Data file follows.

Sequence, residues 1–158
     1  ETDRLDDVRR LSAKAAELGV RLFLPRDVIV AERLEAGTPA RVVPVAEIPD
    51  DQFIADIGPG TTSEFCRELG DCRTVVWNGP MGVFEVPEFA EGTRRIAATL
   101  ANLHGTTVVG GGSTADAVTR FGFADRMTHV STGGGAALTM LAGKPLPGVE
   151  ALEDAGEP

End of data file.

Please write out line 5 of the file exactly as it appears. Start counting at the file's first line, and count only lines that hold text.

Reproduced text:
   151  ALEDAGEP